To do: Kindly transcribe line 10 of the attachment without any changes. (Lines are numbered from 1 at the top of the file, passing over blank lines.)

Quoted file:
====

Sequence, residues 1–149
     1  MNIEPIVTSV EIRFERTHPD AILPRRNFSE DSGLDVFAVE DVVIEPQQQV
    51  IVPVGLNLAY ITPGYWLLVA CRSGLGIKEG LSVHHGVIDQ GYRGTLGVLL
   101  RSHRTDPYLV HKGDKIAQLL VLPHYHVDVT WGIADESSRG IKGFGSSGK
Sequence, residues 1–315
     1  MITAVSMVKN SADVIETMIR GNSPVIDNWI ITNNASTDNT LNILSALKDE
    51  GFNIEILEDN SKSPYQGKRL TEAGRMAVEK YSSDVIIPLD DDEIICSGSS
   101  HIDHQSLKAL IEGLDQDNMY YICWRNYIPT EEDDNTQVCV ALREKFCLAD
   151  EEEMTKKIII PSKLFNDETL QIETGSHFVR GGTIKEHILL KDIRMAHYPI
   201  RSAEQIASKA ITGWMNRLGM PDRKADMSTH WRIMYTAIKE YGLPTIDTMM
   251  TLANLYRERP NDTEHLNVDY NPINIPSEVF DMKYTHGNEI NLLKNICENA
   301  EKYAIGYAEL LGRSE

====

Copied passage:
   201  RSAEQIASKA ITGWMNRLGM PDRKADMSTH WRIMYTAIKE YGLPTIDTMM